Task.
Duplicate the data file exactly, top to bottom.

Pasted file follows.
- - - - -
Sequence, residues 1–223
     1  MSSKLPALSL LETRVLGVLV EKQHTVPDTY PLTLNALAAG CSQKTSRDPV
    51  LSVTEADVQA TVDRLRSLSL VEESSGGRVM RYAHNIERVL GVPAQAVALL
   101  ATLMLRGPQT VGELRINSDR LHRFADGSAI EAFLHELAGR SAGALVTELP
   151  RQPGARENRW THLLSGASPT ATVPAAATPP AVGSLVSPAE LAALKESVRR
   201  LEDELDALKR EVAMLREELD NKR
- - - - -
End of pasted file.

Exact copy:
Sequence, residues 1–223
     1  MSSKLPALSL LETRVLGVLV EKQHTVPDTY PLTLNALAAG CSQKTSRDPV
    51  LSVTEADVQA TVDRLRSLSL VEESSGGRVM RYAHNIERVL GVPAQAVALL
   101  ATLMLRGPQT VGELRINSDR LHRFADGSAI EAFLHELAGR SAGALVTELP
   151  RQPGARENRW THLLSGASPT ATVPAAATPP AVGSLVSPAE LAALKESVRR
   201  LEDELDALKR EVAMLREELD NKR